• the number of students who complete their programmes within the expected duration of study (three or four years for a bachelor’s or short-cycle programme; one to three years for a master’s programme, depending on the programme)

  • the number of short-cycle, bachelor’s and master’s qualifications awarded.

Both enrolment and degrees are weighted by field of study, reflecting the different cost per student in different disciplines within higher education (Table 3.10).

Table 3.10. Weights for students and degrees in different fields of study in the funding formulas used in the Netherlands (2017)

Fields of study

Universities

Universities of applied science

Low weighting: economics, law, social sciences, humanities

1

1

High weighting: education, agriculture, technology and health

1.5

1.28

Top weighting: medicine

3

1.5

Source: Adapted from information provided by the participating jurisdictions. See the reader's guide for further information.

The research component is only allocated to universities in the Netherlands and is based on the number of bachelor’s, master’s and doctoral qualifications awarded. Universities receive twice as much for a master’s qualification awarded than for a bachelor’s. The formula funding is closed-end with respect to all indicators. Universities used to receive a fixed sum for each doctorate awarded, but the budget for this indicator became closed-end in 2017. Professional HEIs receive a small allocation for applied research, amounting to about 3% of block grant funding.

In Norway, formula funding accounts for about 30% of block grant funding, with similar indicators to the general component in the Flemish Community (except for the indicator on gender diversity). However, the Norwegian formula also includes the number of international exchange students and the amount of funding from the Norwegian Research Council, the EU and public and private third party funding.

Norway uses a combination of open and closed-end budgets for the block grant components based on funding formula. Funding awarded on the basis of the number of credits awarded, the number of graduates, and the number of international students is an open-end budget, and can therefore increase as volumes increase. The remaining indicators, i.e. the number of publications and revenue from the Norwegian Research Council, the EU and private sources is a closed-end budget, so higher education institutions can only increase their share of revenue by performing better than other institutions.

Table 3.11. Formula funding indicators used in the four participating jurisdictions (2017)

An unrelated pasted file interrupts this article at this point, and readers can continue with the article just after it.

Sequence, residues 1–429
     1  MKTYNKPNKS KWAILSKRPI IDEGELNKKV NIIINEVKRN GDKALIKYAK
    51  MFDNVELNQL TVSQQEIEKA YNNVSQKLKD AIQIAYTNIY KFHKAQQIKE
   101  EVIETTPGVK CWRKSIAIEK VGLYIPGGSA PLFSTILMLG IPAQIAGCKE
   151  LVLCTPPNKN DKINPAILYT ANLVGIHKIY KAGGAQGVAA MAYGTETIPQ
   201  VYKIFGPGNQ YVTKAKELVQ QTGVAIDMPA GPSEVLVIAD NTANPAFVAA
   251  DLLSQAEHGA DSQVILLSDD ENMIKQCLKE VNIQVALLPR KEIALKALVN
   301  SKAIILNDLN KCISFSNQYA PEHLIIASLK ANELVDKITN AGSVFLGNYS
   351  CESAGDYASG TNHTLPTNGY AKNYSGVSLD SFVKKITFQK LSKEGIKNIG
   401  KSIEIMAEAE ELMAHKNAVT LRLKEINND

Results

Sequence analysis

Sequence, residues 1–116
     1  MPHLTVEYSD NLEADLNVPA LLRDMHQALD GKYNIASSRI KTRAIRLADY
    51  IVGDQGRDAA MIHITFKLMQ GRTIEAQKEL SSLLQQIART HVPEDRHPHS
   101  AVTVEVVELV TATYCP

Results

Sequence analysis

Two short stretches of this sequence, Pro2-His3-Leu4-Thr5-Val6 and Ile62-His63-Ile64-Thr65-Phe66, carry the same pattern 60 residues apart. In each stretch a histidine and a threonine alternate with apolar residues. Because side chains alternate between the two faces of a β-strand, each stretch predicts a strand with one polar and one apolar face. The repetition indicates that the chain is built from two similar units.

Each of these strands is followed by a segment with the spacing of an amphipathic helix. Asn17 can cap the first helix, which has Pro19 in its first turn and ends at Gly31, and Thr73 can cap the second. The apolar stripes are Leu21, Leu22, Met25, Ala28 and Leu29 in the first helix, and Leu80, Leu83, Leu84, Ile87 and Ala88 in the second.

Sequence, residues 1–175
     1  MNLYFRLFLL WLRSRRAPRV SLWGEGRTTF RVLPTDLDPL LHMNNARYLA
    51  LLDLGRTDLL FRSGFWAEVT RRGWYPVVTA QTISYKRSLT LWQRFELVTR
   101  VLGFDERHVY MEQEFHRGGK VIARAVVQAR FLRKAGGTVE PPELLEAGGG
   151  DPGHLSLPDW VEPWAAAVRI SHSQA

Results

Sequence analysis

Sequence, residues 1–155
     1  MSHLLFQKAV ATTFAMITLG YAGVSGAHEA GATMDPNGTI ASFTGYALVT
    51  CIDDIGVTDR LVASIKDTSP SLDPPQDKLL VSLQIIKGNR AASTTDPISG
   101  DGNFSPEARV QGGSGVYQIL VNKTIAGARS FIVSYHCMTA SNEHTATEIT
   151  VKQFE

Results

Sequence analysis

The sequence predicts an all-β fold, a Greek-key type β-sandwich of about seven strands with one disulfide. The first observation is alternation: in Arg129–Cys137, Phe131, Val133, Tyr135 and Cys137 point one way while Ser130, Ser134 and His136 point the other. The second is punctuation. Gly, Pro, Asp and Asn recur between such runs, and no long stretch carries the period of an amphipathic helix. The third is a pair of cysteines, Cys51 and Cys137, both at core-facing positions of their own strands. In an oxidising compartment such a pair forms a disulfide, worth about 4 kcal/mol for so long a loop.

Indicators 

Estonia

The Flemish Community

The Netherlands

Norway

Enrolments

 

Yes (only students within expected duration of study)

 

Credits

Yes

 

Yes

Degrees (including doctoral)

Yes (only doctoral)

Yes

Yes

Yes

Enrolment/credits/degrees in specific fields of study

Yes (institution-specific)

Yes

Extra weight for enrolment/credits/degrees for particular categories of students (e.g. under-represented socio-economic background)

Yes

Foreign or international exchange students

Yes

Yes

Completion rates

Yes

Graduates in employment or education

Yes

 

 

Publications and citations

Yes (universities)

Yes

Yes

Funding from private sources or commercialisation of research output

Yes

Yes (universities)

 

Yes

Gender diversity among researchers

Yes

 

Funding from EU and national research council

Yes (universities)

Yes (universities)

Yes

Patents

Yes (universities)

Yes (universities)

Source: Adapted from information provided by the participating jurisdictions. See the reader's guide for further information.

Block grant component based on negotiation or performance agreement between government and institutions

Some countries also determine a proportion of the block grant through a negotiation between the ministry and individual higher education institutions. The agreements can be in the form of performance agreements or funding agreements. They may use funding formula or other methods to determine the allocations. Two of the participating jurisdictions use this method: Estonia and the Netherlands.

As noted above, universities and professional HEIs in Estonia may receive up to 3% of the block grant funding based on the achievement of goals outlined in performance agreements or directives. The government negotiates a three-year performance agreement with each university, which specifies the goals for the university, the associated funding and other obligations (e.g. the fields of study in which a university cannot open full-time programmes; targeted funding assigned by the government to the university). The agreement reflects the mission and objectives of the university and the strategic goals of the government, and takes into account the needs of the labour market and the interests of local government and registered professional associations. Performance agreements are contracts under public law and the associated funding is delivered through a funding agreement between the ministry and university.